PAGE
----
Last month I began the story of Tom Young, the man who put fine dining and quality wine under one roof in the old days of neo-prohibition in Western North Carolina.
As you may recall from Part One, Tom worked the resort restaurant circuit for a number of years before opening Expressions, after liquor by the drink was approved in 1981. Located on Main Street in downtown Hendersonville, Expressions dominated the fine dining scene with consistently excellent food and was one of the earliest fine wine venues in Western North Carolina.
Tom and his partner Franco Valsecchi developed a wine list of predominantly European wines for a number of reasons. California wines were in their infancy in terms of quality and were not widely available in our area. Secondly, Tom had been weaned on the best from Europe by his mentor, Franco’s brother, Fulvio, while laboring in the kitchens of Hilton Head. Fulvio would pour Italian and French beauties to prime the palate and when Tom and his co-workers could afford, they would chip in for a Meursault or a fine Amarone.
We know this much from last month’s column. Here’s Part Two:
Oh, ye newcomers have no idea how dry were before the law was changed, much to the dissatisfaction of the bootleggers and the devout who wanted to contain wickedness in the private clubs and keep our little town from changing.
Just before the new dawn of vino, a local pizza restaurateur, Jimmy Schweitzer decided that if he couldn’t sell wine he would give it away. Jimmy, bless his soul, joyfully strolled through his little place refilling our glasses from a jug of Paisano. Were we happy!
Later, Tom and Franco discovered a new product from California, Fetzer wines, and sold them by the carafe, earning the eternal gratitude of the Fetzer family. As California wines got more recognition, Tom added more of them to his list. It is difficult to imagine that in just a few years, the wine lists of area restaurants tipped in favor of American wines.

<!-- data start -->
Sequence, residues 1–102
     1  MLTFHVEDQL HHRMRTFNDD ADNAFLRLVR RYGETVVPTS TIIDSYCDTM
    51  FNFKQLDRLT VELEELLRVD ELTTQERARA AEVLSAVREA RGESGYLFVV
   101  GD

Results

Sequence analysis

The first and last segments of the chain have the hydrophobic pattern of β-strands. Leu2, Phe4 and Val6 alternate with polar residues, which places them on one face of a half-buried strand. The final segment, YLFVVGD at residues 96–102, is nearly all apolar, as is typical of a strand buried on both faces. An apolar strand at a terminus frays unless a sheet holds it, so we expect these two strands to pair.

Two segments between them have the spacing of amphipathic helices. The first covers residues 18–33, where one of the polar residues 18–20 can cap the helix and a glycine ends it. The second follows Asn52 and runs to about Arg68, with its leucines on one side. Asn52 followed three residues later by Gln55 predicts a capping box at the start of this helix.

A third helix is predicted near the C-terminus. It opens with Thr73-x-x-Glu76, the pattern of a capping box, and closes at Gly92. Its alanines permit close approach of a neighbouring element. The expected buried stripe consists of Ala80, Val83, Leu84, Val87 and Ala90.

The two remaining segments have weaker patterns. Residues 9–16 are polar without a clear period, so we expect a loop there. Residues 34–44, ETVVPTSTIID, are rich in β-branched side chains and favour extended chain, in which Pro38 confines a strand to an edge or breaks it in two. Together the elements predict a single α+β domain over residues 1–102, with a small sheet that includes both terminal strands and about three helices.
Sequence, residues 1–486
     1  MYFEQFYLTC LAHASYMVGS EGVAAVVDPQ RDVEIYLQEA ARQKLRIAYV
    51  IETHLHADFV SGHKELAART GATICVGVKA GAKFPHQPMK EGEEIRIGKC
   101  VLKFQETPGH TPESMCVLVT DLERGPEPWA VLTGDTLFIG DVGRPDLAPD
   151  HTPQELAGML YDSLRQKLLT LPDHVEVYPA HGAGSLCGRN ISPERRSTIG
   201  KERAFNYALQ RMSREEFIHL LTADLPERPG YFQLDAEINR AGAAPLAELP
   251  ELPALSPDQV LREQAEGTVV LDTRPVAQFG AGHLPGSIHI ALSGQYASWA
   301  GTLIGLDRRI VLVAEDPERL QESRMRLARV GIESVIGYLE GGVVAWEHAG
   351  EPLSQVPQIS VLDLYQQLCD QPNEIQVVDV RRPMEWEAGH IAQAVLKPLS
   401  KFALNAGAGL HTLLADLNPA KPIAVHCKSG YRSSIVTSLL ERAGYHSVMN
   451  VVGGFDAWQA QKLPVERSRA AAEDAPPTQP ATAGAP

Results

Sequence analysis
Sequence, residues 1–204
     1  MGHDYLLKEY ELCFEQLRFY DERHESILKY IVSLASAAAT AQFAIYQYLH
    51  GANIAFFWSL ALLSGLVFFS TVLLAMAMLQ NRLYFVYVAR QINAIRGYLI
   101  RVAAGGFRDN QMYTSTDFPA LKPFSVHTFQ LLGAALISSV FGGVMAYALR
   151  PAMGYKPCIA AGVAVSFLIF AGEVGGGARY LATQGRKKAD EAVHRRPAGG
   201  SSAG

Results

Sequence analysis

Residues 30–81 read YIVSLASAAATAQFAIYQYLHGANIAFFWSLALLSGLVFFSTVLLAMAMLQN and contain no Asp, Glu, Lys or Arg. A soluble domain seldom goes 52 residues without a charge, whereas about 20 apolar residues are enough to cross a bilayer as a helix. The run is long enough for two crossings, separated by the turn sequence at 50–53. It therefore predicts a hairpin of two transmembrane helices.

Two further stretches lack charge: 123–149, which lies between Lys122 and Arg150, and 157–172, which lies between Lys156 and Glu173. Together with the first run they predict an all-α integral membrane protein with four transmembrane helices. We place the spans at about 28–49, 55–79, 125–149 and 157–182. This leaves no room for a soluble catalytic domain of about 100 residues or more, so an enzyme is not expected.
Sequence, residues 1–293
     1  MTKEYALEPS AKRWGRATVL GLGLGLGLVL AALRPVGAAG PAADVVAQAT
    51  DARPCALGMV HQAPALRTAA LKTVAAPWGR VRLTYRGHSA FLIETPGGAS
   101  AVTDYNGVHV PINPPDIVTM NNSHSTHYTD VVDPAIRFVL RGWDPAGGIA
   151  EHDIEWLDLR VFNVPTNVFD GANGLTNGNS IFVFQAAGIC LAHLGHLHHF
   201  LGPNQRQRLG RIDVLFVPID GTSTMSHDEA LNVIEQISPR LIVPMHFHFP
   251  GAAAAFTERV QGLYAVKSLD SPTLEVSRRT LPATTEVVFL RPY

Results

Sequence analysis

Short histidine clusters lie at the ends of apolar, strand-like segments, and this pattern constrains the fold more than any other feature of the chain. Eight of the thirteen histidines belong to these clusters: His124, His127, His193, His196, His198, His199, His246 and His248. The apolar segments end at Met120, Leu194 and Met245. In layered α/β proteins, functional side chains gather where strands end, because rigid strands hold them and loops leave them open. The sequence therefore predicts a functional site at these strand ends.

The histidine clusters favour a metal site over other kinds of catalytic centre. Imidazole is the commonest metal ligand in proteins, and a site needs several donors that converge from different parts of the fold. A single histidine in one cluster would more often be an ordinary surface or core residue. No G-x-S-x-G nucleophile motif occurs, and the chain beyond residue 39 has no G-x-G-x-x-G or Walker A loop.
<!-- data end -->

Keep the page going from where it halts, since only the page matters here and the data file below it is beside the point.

Because Tom was so successful at developing a market image for these new wines he and his wife and partner Robin were feted by the California vintners during their winter vacation when they closed the restaurant in January and February. Yes, the streets were basically rolled up for two months of winter. Not so these days except for areas like Highlands, which still lose the majority of their fine dining crowd after the holidays.
They enjoyed private chef dinners and lodging at such renowned wineries as Gundlach-Bundshu, Iron Horse, Sterling, Montecello, Beringer, Dry Creek and others. Such are the rewards for helping the wineries to get a foothold in North Carolina, now one of the two largest wine consumption states in the East along with Florida.
Expressions was awarded one of the first Wine Spectator Awards in Western North Carolina. Their wine list at one time offered up to 350 choices. Many people working in the wine business today earned their wine “cred” at Expressions under Tom and Robin. When I retired from education I was allowed to toil in their wine ship, Purple Sage, and began to absorb knowledge through tastings and reading. Later I took the Wine Appreciation course at A-B Tech’s Culinary School, a course that Tom had at one time taught. I was privileged to teach that course for a number of years.
Today, Expressions is just a fond memory but Tom and Robin still operate Purple Sage, a wine and culinary shop on Main Street. Many of his wines are boutique wines of small production, perhaps 50 cases or less. Over 1,000 selections are jammed into the downstairs cellar shop. Tom still does cooking classes and special dinners pairing the meal to the gems in his store. What a treat to have a small group eating great food amongst stacks of great wine. For those that miss the Expressions experience, it can still be had by request at Purple Sage.